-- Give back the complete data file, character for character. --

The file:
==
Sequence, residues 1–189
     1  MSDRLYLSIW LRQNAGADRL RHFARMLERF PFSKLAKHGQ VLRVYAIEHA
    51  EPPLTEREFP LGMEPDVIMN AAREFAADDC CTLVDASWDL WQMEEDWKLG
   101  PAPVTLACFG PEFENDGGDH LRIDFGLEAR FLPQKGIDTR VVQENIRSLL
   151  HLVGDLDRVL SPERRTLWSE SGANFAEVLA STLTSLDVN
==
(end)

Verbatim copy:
Sequence, residues 1–189
     1  MSDRLYLSIW LRQNAGADRL RHFARMLERF PFSKLAKHGQ VLRVYAIEHA
    51  EPPLTEREFP LGMEPDVIMN AAREFAADDC CTLVDASWDL WQMEEDWKLG
   101  PAPVTLACFG PEFENDGGDH LRIDFGLEAR FLPQKGIDTR VVQENIRSLL
   151  HLVGDLDRVL SPERRTLWSE SGANFAEVLA STLTSLDVN